January Skies

Happy New Year from Balsam Mountain Preserve!

The weather over the past week has not be very conducive to star gazing but I thought it worth pointing out a couple of significant astronomical events to be on the look out for once the skies clear up again.

First be sure to check out comet Lovejoy. It has recently reached naked eye visibility (about magnitude 4.0) but try first to find it with binoculars. Its currently hanging out just below and to the right of the bright star Rigel which is the right ‘foot’ of Orion the Hunter. It should brighten over the next few weeks. Check out the finder chart here for the latest location throughout January.

Planet wise be looking for Jupiter shining bright in the south east just after sunset. It will rise earlier as the month progresses and brighten as it reaches opposition with the Earth on February 6th. Venus and Mercury are also visible just after sunset low in the west-southwest.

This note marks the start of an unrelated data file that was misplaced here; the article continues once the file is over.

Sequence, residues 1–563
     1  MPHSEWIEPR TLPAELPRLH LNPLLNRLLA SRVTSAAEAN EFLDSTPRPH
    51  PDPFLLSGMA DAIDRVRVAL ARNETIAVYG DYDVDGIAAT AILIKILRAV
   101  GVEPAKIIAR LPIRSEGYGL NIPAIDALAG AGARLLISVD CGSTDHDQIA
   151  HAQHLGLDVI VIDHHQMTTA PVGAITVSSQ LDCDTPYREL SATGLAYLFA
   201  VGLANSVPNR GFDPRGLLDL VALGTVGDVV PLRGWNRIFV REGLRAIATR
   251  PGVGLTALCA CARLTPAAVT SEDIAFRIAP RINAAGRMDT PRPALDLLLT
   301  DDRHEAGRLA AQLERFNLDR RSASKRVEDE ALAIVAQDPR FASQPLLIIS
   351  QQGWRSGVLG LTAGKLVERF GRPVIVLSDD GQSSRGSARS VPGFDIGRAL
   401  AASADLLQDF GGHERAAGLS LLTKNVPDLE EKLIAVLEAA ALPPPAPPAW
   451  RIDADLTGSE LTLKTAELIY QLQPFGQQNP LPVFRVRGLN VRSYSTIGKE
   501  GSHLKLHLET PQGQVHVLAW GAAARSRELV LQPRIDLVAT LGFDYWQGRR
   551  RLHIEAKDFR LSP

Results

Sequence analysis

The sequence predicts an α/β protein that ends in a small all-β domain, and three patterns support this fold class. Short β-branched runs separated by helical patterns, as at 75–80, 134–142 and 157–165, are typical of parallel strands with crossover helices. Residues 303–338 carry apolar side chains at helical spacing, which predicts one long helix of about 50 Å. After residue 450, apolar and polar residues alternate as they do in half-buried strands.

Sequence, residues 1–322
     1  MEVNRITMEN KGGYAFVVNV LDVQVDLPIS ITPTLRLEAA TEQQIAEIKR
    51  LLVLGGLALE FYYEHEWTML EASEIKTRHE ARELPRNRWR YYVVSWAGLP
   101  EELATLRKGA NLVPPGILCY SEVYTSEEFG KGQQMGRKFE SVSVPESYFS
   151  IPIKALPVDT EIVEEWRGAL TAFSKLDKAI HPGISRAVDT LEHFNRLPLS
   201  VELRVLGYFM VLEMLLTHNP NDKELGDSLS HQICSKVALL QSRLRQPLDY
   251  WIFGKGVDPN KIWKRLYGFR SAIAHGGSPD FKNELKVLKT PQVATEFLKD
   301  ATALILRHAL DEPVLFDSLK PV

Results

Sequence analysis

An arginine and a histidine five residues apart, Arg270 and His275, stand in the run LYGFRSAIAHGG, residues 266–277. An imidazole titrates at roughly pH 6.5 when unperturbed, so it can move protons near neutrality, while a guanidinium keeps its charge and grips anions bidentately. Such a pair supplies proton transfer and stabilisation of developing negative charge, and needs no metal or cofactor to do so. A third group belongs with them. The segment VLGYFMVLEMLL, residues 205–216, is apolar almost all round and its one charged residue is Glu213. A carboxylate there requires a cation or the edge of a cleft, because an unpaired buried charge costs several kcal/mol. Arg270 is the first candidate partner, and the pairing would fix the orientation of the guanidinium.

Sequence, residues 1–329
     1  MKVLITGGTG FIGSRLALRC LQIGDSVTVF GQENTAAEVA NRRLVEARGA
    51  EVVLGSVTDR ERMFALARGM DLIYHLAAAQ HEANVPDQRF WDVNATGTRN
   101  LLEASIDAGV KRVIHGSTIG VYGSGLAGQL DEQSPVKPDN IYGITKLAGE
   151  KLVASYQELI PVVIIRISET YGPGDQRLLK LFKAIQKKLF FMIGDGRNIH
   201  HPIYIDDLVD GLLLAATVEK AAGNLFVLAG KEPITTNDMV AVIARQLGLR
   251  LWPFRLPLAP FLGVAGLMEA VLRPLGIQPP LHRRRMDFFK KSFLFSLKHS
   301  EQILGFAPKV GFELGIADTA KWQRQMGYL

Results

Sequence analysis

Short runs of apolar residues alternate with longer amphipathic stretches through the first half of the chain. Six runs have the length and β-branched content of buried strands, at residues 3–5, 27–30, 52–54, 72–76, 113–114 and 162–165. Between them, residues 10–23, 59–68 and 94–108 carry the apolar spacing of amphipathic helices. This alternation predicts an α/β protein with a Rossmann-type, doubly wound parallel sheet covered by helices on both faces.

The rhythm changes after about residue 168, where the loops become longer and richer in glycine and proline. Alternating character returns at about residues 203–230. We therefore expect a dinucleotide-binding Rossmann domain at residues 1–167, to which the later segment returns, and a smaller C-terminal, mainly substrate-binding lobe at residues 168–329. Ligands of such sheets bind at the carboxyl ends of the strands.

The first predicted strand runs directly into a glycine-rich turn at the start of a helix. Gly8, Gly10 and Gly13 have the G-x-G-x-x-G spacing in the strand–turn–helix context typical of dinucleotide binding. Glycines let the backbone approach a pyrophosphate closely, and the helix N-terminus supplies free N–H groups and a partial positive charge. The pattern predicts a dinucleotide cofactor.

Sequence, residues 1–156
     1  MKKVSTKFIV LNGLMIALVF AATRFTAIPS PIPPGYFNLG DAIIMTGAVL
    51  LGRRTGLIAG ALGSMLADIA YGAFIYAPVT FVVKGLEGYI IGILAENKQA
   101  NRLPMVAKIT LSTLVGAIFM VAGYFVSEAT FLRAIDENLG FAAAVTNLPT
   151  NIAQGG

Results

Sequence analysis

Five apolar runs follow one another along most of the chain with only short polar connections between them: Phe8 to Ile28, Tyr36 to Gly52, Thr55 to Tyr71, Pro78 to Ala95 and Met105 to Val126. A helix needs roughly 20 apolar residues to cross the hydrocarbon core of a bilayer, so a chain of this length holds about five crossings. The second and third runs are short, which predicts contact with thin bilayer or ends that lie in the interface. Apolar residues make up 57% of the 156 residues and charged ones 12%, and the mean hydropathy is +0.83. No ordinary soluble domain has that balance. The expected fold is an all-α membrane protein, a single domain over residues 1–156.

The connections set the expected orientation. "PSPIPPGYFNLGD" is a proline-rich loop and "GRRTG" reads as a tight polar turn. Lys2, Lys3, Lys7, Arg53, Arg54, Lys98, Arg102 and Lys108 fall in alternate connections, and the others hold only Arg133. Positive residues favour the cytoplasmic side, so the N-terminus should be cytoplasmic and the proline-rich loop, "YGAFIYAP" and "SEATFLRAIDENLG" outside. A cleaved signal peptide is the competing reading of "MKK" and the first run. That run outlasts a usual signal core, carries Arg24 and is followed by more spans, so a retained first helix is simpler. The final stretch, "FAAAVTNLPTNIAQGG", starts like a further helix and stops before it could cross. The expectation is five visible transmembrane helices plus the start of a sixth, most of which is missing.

Interesting factoid – the Earth reaches perihelion on January the 4th which is the point in its orbit when it is closest the the Sun. This is counter intuitive since its winter but its just a smidgen (about 3%) closer to the Sun than normal and has no measurable impact on the seasons which are caused by the tilt of the Earth’s axis.

So when the weather cooperates, go out an enjoy the dark skies of Balsam Mountain Preserve.

Jim Stratigos – Resident Astronomer

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